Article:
This isn’t just a romance novel, it’s a great story with a boy and a girl. I’ve read all of her books, and each one is better than the last. Sway will keep you up late wondering what will happen next. I found it to be suspenseful, funny, touching, and beautiful. She’s a wordsmith in the truest sense of that phrase.

I hope my man card stays in play with her books. I look forward to the next one as well. Sway doesn’t disappoint in any fashion: it exceeds in a most pleasing manner.

Thank you, Amy Matayo, for a great book.

Now, for the interview.

You write romances at this point in your career. Have you considered another genre? If so, what would it be?

I have considered writing a trilogy about the benefits of plastic surgery for the middle-aged crowd—you know, the heroine could be an out-of-work bodybuilder who needs a complete work up to get her career back on track. New muscles, new stomach, new back—all the perks with none of the work. Or there’s my idea of a 10-book mega series centered around the WWE. But I’ve shelved both ideas for now. They’re just so exhausting to think about. So…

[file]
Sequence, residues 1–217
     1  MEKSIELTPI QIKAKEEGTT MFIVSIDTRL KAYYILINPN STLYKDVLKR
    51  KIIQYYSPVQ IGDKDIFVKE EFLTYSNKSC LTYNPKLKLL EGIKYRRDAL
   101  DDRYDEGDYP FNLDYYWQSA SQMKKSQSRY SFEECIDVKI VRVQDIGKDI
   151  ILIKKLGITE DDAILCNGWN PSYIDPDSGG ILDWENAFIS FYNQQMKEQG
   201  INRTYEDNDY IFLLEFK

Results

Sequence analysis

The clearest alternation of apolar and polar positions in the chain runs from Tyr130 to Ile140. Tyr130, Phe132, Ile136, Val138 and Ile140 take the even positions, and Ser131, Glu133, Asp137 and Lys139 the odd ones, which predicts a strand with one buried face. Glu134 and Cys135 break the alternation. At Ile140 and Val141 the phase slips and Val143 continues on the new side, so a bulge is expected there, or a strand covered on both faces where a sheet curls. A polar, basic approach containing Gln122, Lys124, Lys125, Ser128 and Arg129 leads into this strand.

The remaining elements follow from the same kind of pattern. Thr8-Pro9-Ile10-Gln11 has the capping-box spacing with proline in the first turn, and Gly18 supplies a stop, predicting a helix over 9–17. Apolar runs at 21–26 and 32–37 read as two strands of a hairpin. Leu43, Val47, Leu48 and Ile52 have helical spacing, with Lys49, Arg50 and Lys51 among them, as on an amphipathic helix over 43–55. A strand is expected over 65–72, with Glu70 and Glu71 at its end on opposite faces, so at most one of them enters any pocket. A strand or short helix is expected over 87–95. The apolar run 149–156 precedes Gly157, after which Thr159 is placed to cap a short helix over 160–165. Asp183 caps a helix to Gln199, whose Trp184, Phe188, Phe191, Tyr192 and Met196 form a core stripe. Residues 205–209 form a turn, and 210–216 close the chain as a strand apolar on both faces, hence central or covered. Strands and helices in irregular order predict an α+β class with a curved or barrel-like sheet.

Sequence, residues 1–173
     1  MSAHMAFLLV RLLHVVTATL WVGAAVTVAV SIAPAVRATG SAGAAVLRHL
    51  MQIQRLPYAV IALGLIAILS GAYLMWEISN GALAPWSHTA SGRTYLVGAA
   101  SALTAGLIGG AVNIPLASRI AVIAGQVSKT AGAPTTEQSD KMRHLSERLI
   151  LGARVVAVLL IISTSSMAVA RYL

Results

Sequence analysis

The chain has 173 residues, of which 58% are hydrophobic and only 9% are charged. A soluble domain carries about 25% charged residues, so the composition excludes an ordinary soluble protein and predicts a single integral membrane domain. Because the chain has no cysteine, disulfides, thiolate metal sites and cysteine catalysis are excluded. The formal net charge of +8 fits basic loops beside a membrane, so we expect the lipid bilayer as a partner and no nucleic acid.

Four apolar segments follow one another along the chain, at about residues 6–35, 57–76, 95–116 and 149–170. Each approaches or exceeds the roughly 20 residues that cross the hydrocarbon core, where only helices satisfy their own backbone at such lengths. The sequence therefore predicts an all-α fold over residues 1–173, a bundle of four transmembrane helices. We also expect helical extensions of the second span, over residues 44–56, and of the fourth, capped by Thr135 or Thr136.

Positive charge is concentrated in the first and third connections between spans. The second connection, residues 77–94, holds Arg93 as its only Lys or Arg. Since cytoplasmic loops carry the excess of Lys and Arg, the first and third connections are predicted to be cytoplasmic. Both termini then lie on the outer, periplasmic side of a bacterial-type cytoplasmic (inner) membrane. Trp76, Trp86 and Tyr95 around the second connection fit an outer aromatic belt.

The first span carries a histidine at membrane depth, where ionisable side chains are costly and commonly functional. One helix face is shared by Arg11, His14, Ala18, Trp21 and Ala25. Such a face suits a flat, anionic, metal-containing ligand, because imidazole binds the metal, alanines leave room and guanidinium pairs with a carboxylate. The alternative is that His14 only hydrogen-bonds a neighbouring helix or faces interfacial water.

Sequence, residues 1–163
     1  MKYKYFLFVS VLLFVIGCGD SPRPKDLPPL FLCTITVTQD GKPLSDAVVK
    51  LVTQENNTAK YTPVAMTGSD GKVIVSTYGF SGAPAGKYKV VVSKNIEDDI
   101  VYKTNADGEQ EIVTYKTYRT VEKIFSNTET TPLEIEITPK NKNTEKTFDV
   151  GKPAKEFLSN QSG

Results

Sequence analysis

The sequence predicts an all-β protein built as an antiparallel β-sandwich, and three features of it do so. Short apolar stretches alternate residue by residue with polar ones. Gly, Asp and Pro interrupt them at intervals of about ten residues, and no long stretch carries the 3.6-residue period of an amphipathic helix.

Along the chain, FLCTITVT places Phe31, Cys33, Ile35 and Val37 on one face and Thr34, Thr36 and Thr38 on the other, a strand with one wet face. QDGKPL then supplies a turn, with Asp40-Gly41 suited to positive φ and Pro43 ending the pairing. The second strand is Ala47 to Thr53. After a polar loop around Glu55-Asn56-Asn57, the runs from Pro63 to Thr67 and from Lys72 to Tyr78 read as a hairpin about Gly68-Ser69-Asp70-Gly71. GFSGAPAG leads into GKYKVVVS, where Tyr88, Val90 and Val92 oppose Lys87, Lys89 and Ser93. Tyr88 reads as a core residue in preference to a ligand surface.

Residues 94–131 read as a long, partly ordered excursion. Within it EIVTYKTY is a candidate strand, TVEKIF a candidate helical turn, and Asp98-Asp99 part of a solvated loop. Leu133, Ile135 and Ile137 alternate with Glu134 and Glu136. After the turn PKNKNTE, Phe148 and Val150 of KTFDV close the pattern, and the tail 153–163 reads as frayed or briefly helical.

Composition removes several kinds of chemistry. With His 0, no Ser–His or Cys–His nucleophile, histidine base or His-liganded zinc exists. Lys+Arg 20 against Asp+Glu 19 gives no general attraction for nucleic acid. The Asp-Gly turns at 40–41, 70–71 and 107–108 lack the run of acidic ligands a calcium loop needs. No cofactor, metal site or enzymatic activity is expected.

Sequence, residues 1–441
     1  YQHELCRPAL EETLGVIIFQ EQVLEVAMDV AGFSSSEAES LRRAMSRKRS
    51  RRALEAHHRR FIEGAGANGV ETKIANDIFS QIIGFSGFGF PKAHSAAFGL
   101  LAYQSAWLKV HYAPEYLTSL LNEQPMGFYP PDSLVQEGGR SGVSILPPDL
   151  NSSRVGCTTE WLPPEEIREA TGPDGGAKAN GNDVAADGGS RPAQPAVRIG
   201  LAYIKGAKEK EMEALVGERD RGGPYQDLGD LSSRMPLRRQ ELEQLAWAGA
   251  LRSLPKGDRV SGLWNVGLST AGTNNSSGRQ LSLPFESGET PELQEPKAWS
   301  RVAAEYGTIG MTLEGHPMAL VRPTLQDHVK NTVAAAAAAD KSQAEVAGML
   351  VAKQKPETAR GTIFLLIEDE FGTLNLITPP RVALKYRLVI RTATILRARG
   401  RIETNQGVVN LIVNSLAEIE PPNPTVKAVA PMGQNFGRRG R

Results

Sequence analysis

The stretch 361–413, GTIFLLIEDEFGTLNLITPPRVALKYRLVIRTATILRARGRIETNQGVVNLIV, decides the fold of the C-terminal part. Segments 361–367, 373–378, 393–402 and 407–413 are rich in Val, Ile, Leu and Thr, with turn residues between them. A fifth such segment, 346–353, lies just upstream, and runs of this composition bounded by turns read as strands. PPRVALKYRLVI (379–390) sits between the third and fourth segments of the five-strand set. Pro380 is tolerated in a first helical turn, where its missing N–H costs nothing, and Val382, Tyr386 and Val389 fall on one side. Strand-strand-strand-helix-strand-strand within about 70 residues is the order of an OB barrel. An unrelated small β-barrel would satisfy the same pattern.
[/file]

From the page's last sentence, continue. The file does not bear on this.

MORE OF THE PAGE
Romance is my thing. It’s where I think I’ll stay. Although I have ventured into the New Adult side of romance. I’m loving the genre right now.

Like a lot of kids who grow up to be authors, you’ve left the pack. What’s the best part of having voices in your head?

The best part is that I’m rarely bored. Even if I’m home alone (which—with four kids and a husband who all seem to need things at the WORST possible time—rarely happens), I always have a place to go. I’m always entertained. And I’m always surrounded by friends, even though most are of the They’re Totally Fake variety.

The worst part is that people are constantly trying to pull me away, and when I’m writing, the answer I most often give to people is, “Huh?”…while I’m still staring off into space. I really don’t understand why this annoys everyone.

The characters in your books are unique personalities. Where do you draw these writing skills from? How can readers who yearn to write pick up this ability to create people out of thin air?